“Cormorant fishing is a traditional fishing method in which fishermen use trained cormorants to fish in rivers. Historically, cormorant fishing has taken place in Japan and China from around 960 AD. and recorded from other places throughout the world”. – Wikipedia
Photo: A cormorant raised by a fisherman catches a fish on a canal on November 27, 2007 in Xitang Town of Jiashan County, Zhejiang Province, China. (Photo by China Photos/Getty Images)
The sun bear (Ursus malayanus), also known as the honey bear, is a bear found primarily in the tropical rainforest (the dense lowland forests) in Southeast Asia; North-East India, Bangladesh, Myanmar, Thailand, Laos, Cambodia, Vietnam, Southern China, Peninsular Malaysia, and the islands of Sumatra and Borneo.
In this 2017 photo provided by Simon Pierce, Jonathan Green checks on a fin-mounted satellite tag on a whale shark in the Galapagos Islands area of Ecuador. Despite typically being bigger than a double-decker bus, the elusive whale shark has only tiny, almost useless teeth. It's also one of the least understood animals in the ocean. (Photo by Simonjpierce.com via AP Photo)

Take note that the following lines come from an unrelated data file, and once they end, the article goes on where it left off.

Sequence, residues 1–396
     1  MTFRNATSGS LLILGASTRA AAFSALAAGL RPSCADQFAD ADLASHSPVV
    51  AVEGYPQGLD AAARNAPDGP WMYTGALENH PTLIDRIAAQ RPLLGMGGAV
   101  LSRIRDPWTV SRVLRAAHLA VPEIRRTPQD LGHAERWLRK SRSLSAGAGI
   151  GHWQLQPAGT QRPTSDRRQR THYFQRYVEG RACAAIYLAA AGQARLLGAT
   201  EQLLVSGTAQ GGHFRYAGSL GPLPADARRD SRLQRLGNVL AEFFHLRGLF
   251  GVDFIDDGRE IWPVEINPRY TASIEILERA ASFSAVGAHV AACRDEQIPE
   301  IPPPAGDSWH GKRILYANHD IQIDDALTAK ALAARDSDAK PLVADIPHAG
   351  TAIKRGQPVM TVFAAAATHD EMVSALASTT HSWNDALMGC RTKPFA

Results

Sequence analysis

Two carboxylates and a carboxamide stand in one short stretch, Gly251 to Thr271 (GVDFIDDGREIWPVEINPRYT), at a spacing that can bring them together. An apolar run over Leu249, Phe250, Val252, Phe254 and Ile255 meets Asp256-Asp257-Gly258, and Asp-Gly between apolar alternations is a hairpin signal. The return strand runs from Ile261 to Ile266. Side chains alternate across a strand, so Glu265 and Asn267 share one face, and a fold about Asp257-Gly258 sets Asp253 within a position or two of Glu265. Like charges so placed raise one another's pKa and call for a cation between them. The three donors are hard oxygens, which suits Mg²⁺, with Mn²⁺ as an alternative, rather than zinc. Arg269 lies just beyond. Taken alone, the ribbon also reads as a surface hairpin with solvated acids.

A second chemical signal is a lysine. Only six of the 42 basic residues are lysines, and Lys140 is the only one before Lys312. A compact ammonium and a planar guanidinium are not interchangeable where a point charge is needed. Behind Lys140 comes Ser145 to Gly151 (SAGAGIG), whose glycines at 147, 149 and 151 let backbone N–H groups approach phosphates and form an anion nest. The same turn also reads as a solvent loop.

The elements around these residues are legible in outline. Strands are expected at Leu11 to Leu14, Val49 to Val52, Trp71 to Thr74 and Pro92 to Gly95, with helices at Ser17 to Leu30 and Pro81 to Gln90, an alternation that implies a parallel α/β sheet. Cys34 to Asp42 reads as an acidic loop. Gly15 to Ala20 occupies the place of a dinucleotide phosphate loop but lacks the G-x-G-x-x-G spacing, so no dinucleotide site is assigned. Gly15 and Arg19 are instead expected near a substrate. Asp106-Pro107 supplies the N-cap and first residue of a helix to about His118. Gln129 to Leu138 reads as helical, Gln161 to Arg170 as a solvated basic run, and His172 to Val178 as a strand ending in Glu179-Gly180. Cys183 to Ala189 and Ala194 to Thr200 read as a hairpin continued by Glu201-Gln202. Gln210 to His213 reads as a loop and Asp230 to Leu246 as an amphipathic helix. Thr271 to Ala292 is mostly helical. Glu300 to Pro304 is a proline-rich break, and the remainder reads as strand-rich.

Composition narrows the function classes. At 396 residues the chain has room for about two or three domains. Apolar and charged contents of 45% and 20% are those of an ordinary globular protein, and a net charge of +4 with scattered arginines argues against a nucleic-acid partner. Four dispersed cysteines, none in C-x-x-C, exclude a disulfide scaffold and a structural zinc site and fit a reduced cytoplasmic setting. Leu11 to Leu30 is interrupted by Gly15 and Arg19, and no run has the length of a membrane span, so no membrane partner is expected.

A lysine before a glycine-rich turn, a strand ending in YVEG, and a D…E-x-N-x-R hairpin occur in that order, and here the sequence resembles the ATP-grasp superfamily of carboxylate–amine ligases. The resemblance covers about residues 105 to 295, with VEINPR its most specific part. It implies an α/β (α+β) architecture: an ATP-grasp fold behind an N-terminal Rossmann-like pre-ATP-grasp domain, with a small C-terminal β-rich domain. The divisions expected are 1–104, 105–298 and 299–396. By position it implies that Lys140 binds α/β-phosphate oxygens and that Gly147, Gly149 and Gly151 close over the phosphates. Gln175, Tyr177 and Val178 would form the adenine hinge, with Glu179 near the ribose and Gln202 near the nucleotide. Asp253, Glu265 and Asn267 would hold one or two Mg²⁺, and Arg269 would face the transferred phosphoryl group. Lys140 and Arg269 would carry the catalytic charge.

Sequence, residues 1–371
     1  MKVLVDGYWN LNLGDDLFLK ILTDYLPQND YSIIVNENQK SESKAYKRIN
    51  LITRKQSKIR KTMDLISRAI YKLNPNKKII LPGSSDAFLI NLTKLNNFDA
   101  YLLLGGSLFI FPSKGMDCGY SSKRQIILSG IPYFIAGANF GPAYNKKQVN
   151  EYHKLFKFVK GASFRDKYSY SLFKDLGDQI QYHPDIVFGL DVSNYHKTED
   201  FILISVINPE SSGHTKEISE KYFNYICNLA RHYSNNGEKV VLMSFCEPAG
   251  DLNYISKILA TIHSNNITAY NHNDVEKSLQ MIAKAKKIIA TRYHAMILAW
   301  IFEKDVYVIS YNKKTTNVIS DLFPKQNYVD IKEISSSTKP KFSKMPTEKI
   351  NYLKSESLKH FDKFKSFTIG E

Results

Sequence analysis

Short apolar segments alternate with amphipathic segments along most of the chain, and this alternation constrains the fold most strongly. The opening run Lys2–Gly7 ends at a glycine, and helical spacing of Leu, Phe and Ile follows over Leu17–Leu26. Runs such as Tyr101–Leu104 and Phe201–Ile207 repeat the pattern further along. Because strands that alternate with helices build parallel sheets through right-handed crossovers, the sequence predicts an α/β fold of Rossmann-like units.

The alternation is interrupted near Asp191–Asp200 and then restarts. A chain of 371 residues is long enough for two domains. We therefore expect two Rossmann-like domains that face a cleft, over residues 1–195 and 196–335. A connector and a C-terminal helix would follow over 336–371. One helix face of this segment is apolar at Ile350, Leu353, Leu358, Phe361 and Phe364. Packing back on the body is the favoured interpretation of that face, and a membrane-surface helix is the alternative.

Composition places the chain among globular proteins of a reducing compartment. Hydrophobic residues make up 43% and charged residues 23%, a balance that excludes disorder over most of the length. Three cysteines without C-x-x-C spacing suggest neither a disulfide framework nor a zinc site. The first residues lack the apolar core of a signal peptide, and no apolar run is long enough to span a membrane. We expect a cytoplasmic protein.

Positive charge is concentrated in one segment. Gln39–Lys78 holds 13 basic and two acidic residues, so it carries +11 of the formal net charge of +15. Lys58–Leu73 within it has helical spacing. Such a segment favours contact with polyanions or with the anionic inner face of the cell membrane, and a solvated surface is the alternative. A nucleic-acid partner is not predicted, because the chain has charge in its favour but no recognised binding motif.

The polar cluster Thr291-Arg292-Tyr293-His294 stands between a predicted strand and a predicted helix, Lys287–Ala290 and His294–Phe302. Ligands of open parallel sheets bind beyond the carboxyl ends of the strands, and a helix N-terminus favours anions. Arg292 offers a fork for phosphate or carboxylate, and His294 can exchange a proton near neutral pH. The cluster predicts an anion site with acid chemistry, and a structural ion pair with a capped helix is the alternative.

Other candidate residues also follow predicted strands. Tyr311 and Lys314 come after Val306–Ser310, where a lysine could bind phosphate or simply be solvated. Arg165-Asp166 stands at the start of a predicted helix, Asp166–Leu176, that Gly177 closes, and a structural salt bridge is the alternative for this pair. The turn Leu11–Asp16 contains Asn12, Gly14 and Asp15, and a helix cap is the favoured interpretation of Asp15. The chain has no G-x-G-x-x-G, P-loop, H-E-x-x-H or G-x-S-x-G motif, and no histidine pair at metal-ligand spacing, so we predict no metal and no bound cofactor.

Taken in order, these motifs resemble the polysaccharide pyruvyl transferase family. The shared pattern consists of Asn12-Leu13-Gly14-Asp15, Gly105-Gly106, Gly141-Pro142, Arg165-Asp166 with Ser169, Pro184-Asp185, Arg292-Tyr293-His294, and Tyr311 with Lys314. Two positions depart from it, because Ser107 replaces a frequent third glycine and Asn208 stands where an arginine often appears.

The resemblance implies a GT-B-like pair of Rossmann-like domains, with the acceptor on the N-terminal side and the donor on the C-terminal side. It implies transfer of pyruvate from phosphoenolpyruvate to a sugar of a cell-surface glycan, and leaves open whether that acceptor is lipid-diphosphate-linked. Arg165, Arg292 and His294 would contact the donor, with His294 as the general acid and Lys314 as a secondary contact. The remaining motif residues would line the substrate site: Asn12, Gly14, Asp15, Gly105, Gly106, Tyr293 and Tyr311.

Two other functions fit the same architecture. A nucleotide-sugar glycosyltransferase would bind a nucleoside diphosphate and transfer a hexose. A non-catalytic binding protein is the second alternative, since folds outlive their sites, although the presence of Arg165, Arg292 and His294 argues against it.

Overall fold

The Mandarinfish or Mandarin dragonet (Synchiropus splendidus), is a small, brightly-colored member of the dragonet family, which is popular in the saltwater aquarium trade. The mandarinfish is native to the Pacific, ranging approximately from the Ryukyu Islands south to Australia.
Moonlight illuminates sandstone buttes in the Valley of the Gods in the proposed Bear Ears National Monument near Mexican Hat, Utah, USA, 12 November 2016. In October 2015, a coalition of five Indian nations, including the Hopi, Ute, and Navajo, formally proposed the monument, attempting to preserve the parcel's 100,000 archeological sites from ongoing looting and grave robbing. Less than two months before handing over the White House to President Elect Trump, President Obama must decide if it's worth the political capital to designate Bear Ears a national monument. (Photo by Jim Lo Scalzo/EPA)
“Doctor fish is the name given to two species of fish: Garra rufa and Cyprinion macrostomus. Other nicknames include nibble fish, kangal fish, physio fish and doctorfishen; in non-medical contexts, Garra rufa is called the reddish log sucker. They live and breed in the outdoor pools of some Turkish spas, where they feed on the skin of patients with psoriasis. The fish are like combfishes in that they only consume the affected and dead areas of the skin, leaving the healthy skin to grow, with the outdoor location of the treatment bringing beneficial effects. The spas are not meant as a curative treatment option, only as a temporary alleviation of symptoms, and patients usually revisit the spas every few months”. – Wikipedia
Photo: Visitors to the Aqua Sheko fish therapy spa have their feet exfoliated on June 24, 2010 in London, England. Customers sit with their feet in a tank filled with 100-150 Garra Rufa fish which remove any dead skin by nibbling and sucking. A half hour session is then followed by a foot massage. (Photo by Peter Macdiarmid/Getty Images)